Youth, Leaders of Today and Tomorrow
Organized as a UN-HABITAT Global Partnership Initiative, in partnership with the Youth Organizing Committee, Environmental Youth Alliance, City of Vancouver Youth Outreach Team, and One Stop Youth Resource Centre
The round-table discussions were chaired by Mr. Avi Lewis, award-winning documentary filmmaker and television journalist, Canada; Mr. Doug Ragan, Manager, Adult Ally Environmental Youth Alliance; and Mr. Kelly L’Hirondelle, Executive Director, Knowledgeable Aboriginal Youth Alliance, Canada.
The discussions opened with an appreciation by the Mr. Lewis of the location of the Third Session of the World Urban Forum on Coast Salish land. He expressed recognition of the fact that youth were experts on youth engagement, and that over 50 per cent of the world’s population were young people under the age of 25.
Much of the discussion focused on the need to move from token involvement of youth to mainstreaming youth engagement across all stages of policy and programme planning, design, implementation and evaluation. It was stressed that that model of engagement should be applied at the international level as well as at the municipal level and that it should also involve diverse methods of inclusion that were both formal and informal. Youth participants highlighted the importance of education and training opportunities and the use of sports, music, arts and culture as means of engaging youth in addressing social challenges.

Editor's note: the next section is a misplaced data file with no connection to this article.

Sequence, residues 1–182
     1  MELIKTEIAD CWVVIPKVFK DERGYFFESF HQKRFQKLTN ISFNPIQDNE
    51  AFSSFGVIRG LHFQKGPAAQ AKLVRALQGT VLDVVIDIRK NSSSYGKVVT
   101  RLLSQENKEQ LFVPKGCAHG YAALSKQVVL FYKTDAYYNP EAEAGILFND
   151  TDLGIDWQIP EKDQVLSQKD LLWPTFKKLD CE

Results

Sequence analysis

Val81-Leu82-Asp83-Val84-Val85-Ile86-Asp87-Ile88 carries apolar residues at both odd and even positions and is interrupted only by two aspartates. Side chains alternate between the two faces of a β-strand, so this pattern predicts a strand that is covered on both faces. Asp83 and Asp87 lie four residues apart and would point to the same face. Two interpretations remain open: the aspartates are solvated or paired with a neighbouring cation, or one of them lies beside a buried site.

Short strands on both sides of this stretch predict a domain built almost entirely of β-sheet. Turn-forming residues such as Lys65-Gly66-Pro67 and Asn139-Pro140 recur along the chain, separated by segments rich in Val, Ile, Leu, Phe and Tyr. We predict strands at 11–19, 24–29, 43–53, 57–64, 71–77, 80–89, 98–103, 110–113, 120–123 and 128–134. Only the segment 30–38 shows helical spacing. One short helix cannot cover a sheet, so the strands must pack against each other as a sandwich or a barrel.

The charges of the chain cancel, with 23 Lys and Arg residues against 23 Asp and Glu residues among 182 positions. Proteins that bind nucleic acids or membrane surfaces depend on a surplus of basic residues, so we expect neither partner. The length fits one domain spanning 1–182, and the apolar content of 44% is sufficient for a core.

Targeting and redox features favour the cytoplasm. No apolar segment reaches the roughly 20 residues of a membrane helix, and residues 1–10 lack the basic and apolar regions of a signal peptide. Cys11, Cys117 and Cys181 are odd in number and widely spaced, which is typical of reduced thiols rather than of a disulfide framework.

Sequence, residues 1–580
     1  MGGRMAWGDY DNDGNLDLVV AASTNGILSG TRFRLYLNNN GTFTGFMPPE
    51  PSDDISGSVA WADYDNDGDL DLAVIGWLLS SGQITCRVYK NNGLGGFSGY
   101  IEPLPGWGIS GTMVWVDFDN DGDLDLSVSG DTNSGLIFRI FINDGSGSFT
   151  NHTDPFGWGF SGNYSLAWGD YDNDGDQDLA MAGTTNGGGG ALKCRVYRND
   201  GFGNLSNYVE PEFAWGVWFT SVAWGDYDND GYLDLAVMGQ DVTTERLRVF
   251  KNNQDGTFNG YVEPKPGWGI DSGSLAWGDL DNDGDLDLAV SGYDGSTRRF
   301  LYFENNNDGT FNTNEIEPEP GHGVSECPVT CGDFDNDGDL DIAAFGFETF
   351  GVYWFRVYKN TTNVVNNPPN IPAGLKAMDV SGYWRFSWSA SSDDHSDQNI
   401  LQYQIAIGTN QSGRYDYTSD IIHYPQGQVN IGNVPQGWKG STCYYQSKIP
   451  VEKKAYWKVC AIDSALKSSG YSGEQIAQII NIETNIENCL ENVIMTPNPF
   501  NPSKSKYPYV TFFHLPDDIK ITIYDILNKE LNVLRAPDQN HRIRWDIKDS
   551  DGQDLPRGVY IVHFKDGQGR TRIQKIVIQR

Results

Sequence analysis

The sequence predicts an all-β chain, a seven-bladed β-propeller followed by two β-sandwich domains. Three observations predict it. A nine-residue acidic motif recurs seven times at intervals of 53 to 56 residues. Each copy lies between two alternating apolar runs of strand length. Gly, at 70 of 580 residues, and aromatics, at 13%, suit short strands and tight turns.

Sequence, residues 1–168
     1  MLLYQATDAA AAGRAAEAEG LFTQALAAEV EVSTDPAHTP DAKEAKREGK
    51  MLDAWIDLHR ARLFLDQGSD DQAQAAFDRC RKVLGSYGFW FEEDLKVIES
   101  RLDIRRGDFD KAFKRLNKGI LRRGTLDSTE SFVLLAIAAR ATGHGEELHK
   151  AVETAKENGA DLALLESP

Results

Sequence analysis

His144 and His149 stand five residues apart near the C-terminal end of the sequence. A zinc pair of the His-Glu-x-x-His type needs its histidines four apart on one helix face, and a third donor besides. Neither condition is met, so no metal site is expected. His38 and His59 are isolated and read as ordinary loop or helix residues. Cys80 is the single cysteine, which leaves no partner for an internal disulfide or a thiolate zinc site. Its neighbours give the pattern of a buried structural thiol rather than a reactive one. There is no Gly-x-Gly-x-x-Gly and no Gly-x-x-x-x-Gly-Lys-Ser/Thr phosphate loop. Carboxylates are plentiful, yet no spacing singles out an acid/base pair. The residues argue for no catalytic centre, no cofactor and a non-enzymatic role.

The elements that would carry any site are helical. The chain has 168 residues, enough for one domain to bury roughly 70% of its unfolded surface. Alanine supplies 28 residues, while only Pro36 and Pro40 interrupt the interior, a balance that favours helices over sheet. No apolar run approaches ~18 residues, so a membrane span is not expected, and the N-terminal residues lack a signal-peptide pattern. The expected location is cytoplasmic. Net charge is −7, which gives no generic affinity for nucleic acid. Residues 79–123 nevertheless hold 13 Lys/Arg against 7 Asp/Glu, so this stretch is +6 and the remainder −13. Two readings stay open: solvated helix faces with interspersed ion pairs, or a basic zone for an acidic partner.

It was pointed out that youth were diverse and faced many challenges and barriers, including socio-economic disparities, exploitation, disability and discrimination on the basis of gender. In particular, participants highlighted the issues faced by indigenous youth in both developed and developing countries.
It was emphasized that youth-led initiatives needed increased access to resources and support structures. That could be achieved through mini-grants and community-based partnerships. Youth-led initiatives enabled self-organization, a sense of belonging, and peer-based leadership and creativity, while at the same time addressing critical development issues. There was also a need to increase outreach in order to provide youth with information on how to access available resources and project support systems.
A range of issues related to representation were raised. The media often portrayed negative images of youth, including those of youth as criminals. Youth were often underrepresented in decision‑making platforms and processes at the local, national, and international level. Youth participants applauded UN-Habitat for engaging youth in the World Urban Forum and also suggested increased representation of youth at opening plenary sessions and across all panels, round tables, dialogues and networking sessions.
A general sentiment expressed was that it was not enough to have youth talking to youth about youth issues and, in that context, youth-adult partnerships were considered critical. It was highlighted that true engagement came from representation and participation across sectors, institutions and stakeholder groups. Youth involved in decision-making processes, who were often more articulate, also needed to consider issues pertaining to children and other youth who were marginalized and lacked a voice in dialogues affecting their lives.
Participants recognized the importance and power of creating international networks of both individuals and organizations: that would ensure greater outreach, information sharing, mentorship and intergenerational dialogue.